Please read the wonderful story of the 911 operator with a big heart here.

Senior Protection – Sometimes they need protecting from their caregivers

I was just forwarded an article about a senior citizen who died under appalling conditions.  She was under the care of a family member and was found to have been left in the same position for about six months.  The authorities are investigating the family member for neglectful homicide.

I will be the first to admit that caring for a senior citizen with health issues is challenging and requires a lot of patience.  If you can’t deal with all it may entail then this job isn’t the one for you.  I’ll lay things on the line for you.  You will need to help with medications, keep up on doctor appointments, encourage healthy eating and exercise, that’s the easy stuff.  You will need to help with transferring from bed to chairs to toilets to shower chairs, support while walking, push wheelchairs, help dressing, help shower or bathe, help them clean themselves after toileting and eventually change their adult diapers.  Then there’s all the common household chores to tackle with laundry doubling.

When someone I am caring for accidentally spills something or is incontinent I NEVER reprimand them, NEVER belittle them!  I just look at them, smile warmly and let them know it’s OK.  I would also NEVER leave them sitting in their own mess, that is inhumane.

The fact that someone spent six month sitting in a chair and was so covered by her own fecal matter that the EMT’s had to turn on high-powered fans to be able to handle being in the room while they prepared to remove her body is unthinkable.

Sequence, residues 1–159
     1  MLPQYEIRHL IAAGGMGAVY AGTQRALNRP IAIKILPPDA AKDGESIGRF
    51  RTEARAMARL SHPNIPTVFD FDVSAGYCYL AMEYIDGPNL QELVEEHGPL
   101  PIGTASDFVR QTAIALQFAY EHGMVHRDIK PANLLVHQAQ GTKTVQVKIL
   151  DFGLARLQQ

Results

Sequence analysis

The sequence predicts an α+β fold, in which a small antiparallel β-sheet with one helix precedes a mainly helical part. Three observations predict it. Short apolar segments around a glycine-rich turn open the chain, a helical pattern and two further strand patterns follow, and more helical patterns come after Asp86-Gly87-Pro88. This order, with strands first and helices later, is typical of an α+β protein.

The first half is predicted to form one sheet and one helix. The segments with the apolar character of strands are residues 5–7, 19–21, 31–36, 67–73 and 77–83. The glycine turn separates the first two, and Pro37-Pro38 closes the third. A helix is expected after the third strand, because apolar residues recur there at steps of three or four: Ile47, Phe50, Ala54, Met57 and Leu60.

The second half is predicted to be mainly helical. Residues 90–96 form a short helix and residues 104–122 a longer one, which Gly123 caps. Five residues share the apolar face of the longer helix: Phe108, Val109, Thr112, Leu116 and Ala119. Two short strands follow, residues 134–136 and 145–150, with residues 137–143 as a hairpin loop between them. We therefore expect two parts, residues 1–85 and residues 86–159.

Don’t get me wrong, I’m all for keeping a loved one at home and letting them live their days someplace they feel comfortable!  I just don’t want to see that become an opportunity for abuse and neglect.

We need to find a better way to protect our senior citizens.  There are civic organizations and citizen groups out there who are trying to help, but there needs to be more action.

When I heard about the poor woman left to sit in her own mess for six months my first thought was; it’s a shame no one was able to check up on the home situation for her.

My brain is a weird place … I hear of a problem, turn it over and over, weigh the pros and cons of all possible solutions, until I come up with a possible answer.  I do this all the time.

So, when I was wondering about how this situation could have been changed I came up with this possible solution:

I thought to myself, “What if doctors asked their elderly patients if they lived at home or in some nursing facility?”  “What if there was a group of specifically trained LPN’s and/or CNA’s who would work as a kind of social worker for seniors living alone or with family?”

In this concept in my mind it would work a bit like home health nurses who come out to a home to help with physical therapy or wound care.  The doctor would ‘prescribe’ this type of ongoing home visit assistance.

This group of LPN’s and/or CNA’s would be tasked with visiting their charges at least once a month.  They would spend some time visiting with the senior citizen and their caregiver.  During these visits they would offer support and instruction on how to provide personal care as care needs change.  They would help find the resources available to the caregivers and the senior citizens.  They would also keep an eye out for signs of abuse and neglect.

As someone who spent considerable time caring for family members at home I can tell you that I would not have had any problem with someone coming to my home in this capacity.  I would have appreciated the help.

So, let me know what you all think.  Give me feedback on this idea.  Perhaps if anyone out there is in an official capacity we could give the idea a run and see if it is an effective way of preventing elder abuse and neglect.